Sheltie Health & Diseases
As with any breed, shelties have their share of concerns that breeders and
buyers must be aware of. Many health problems can be screened for and some
have genetic tests. A responsible breeder will screen for various health
issues. For those concerns that cannot be screened for right now, if it shows
up, the breeding program will be altered.
Do not hesitate to ask a breeder what screenings have been done and for
documentation of. If a breeder cannot be bothered with testing or insists
the dogs are healthy but cannot show documentation of screening for at least
hips and eyes, go elsewhere. Do not blindly accept someone's word. Insist
on seeing proof of testing.
Brucellosis is often considered a sexually transmitted disease in dogs, however,
there are. It is devastating to breeders. Brucellosis can cause abortion
of fetuses. It lives in the vaginal tract of a female dog or the seminal
tract and testicles of a male and can be transmitted through secretions,
urine, breeding and contact with infected fluids. Brucellosis can be transmitted
to humans through contact with aborted fetuses or infected fluids such as
urine. Breeding dogs (male and female) must be tested regularly for this.
There is no reliable cure for this bacteria though it can be detected through
a blood test. Breeding dogs should be tested regularly, males and females.
Infected dogs should never be bred.
Dermatomyositis - (Sheltie Skin Syndrome)
Dermatomyositis is found in many breeds. Skin and muscle may be involved.
The dogs develop skin lesions that are red, scaly, crusty but often not itchy.
The lesions may be mistaken for other dermatological issues that can cause
skin lesions. DM is diagnosed by skin biopsy. It is genetic and affected
dogs must not be bred. Some dogs may have it but never break out. As of now,
there is no genetic test for the disease and the mode of transmission is
not yet known. It is NOT contagious but there is no cure.
Hip Dysplasia was once considered a large dog issue. In actuality, any breed
or cross can be affected. There is also thought to be an environmental factor
to HD, nutritional, etc. But HD is genetic. Before breeding, dogs should
pass either OFA (Orthopedic
Foundation for Animals) or PennHip
of Pennsylvania Hip Improvement Program) screening. Breeding clear dogs
does not eliminate the chance of affected offspring, but it reduces the chance.
As of now, there is no genetic test for HD, only screenings.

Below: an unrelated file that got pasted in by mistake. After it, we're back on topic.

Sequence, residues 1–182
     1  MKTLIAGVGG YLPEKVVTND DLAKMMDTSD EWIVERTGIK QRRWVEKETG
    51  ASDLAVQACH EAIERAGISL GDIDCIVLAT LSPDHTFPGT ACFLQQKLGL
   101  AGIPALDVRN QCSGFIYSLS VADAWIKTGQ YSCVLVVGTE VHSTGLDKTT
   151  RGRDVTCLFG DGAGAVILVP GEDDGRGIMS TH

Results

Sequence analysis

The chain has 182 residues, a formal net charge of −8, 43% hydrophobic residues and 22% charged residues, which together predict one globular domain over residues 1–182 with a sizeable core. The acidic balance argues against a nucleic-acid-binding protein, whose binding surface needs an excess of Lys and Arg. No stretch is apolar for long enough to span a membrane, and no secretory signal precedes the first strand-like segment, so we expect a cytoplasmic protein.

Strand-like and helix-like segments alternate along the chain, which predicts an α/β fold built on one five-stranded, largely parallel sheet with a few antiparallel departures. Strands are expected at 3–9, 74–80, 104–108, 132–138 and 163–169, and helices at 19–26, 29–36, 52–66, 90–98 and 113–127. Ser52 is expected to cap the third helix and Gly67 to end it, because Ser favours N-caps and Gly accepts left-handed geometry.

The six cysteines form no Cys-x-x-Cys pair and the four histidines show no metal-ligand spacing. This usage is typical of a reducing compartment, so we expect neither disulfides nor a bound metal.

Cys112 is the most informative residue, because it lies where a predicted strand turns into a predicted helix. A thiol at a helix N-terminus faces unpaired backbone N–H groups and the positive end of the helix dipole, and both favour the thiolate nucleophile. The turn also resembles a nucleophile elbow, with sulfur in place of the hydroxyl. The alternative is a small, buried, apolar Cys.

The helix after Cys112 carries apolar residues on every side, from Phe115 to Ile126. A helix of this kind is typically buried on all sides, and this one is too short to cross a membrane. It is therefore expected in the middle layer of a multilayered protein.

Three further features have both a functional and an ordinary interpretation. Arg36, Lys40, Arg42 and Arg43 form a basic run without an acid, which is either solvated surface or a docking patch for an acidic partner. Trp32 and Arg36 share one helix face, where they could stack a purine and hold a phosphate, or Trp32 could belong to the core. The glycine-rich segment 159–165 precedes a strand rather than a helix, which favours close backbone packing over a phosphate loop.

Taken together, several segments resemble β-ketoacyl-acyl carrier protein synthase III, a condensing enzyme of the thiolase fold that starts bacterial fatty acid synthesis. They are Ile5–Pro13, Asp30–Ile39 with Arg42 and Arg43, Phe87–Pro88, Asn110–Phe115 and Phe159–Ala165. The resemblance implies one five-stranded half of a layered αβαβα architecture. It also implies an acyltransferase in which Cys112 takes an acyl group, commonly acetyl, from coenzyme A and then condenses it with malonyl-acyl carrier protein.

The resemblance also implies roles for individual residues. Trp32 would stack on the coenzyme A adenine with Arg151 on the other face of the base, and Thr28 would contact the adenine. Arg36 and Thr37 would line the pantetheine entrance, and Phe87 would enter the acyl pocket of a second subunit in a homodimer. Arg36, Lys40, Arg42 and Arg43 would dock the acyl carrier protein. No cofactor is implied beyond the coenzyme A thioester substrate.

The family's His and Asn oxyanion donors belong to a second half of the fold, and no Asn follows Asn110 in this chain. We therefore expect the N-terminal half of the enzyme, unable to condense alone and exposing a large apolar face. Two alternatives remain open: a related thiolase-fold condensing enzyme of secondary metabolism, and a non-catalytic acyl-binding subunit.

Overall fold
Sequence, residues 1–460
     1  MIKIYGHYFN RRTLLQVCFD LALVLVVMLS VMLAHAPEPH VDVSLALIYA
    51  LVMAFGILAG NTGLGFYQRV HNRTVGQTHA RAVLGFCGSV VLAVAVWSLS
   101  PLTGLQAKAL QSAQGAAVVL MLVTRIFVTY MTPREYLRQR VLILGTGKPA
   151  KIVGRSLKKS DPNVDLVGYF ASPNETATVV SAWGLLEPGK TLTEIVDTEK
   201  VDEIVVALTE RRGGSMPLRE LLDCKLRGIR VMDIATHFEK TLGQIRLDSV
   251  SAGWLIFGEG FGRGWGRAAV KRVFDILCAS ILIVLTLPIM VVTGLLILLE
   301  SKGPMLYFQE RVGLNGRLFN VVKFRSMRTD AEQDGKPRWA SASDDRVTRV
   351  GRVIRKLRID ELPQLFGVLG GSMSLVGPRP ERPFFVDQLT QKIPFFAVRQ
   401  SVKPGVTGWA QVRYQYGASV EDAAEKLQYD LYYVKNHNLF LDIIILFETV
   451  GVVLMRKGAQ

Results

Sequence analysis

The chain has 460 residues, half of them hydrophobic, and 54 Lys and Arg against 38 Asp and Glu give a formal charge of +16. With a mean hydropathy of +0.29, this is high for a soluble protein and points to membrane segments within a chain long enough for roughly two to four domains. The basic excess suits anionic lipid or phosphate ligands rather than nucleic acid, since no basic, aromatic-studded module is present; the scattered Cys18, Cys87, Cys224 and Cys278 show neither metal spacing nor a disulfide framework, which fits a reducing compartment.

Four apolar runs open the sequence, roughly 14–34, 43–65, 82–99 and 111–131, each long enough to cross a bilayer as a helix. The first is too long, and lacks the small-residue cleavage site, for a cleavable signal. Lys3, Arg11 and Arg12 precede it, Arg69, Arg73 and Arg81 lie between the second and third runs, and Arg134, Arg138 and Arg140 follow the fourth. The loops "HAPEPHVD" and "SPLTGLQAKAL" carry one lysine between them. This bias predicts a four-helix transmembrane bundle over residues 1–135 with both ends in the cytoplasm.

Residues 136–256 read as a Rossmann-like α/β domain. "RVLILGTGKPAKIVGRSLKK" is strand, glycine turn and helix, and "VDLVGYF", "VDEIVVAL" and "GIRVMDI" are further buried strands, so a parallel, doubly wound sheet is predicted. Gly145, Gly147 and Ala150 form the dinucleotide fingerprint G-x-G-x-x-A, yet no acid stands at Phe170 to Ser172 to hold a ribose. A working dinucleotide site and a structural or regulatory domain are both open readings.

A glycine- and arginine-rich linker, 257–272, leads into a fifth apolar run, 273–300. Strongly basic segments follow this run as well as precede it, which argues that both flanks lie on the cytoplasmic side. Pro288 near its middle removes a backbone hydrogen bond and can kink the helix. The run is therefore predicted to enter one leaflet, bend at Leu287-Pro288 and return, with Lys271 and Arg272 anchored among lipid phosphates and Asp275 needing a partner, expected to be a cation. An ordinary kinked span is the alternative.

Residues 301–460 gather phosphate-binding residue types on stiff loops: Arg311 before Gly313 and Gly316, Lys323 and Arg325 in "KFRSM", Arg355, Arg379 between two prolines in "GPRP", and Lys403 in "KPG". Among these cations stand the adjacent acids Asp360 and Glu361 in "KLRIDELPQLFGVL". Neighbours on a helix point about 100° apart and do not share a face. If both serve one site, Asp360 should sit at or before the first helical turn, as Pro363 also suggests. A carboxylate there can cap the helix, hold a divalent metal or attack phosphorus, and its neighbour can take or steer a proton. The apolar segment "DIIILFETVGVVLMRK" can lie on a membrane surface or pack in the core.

***MDR1 Gene Mutation
This is a genetic mutation found in many herding breeds but also showing
up in some of the mastiff family of dogs as well as mixed breeds not appearing
to have any herding breed in them The mutation is recessive and caused multiple
drug sensitivities to varying degrees. Ivermectin and Immodium are two
medications that affected dogs react to, dosage of the medications also plays
a role. (Washington
State University information page). There is a genetic test for this
Progressive Retinal Atrophy (PRA)
PRA is a progressive eye issue and may not be detected in younger dogs. Annual
screenings of breeding dogs, even after the are no longer being bred should
be done. Dogs should be CERF
(Canine Eye Registry
Seizures are primarily Epilepsy but also caused by something such as disease,
thyroid or liver issues, poisoning or injury. Due to different causes of
seizures, part of treating will be to find the cause. Epilepsy is found in
Shelties however work is being done by the
Network to learn more about the inheritance mode of it.
Unlike PRA, Sheltie Eye is visible in young dogs. If a dog screens clear,
the dog does not have it.
Thyroid issues are not uncommon in dogs. Hypothyroidism is a cause of impaired
production of hormone from the thyroid gland. It is more often diagnosed
in middle aged to older dogs. Symptoms include lethargy, shedding, flaky
skin, weight gain (note, most obesity is owner-caused), intolerance to cold.
***von Willebrand's Disease (vWD)
vWD is a genetic bleeding disorder, however it is not canine specific, it
can happen in any animal, including humans, but is not contagious. There
are (3) types of vWD and Shelties appear to be more affected by the more
severe form, vWD Type III.
There are two kinds of tests for vWD. Buccal Mucosal Screening Time and
Genetic One. with Genetic One, led by
VetGen, is far
more accurate, however Buccal Mucosal Screening Time may be use for initial
screening, it is not as accurate and other factors such as medications, can
result in unreliable or inaccurate results.
The Importance of Good Breeding Practices
Breeding is serious and must not be attempted by anyone without Breed
Specific education! "Backyard breeders'' that buy a pure-bred pet with
the intention of making money, or well intentioned pet owners that wish expand
their pet numbers, should be aware of the potential problems that may result
from improper breeding. Only properly trained/educated, breeders with a network
that includes other qualified breeders, should ever attempt to breed any
Before attempting to breed and sell a purebred dog or other pet, please
the current pet population problem, resources, nbeee expenses for veterinarian
expenses, appropriate facilities, upkeep, time, care and attention, potential
problems with genetics, health, temperament, and even basic training in order
to find interested buyers, and as you watch your baby leave, ask yourself.."is
it worth it?"
Please see our Ethical
Guidelines page for additional information on this topic.
For more information on Sheltie Health, please visit the:
American Shetland Sheepdog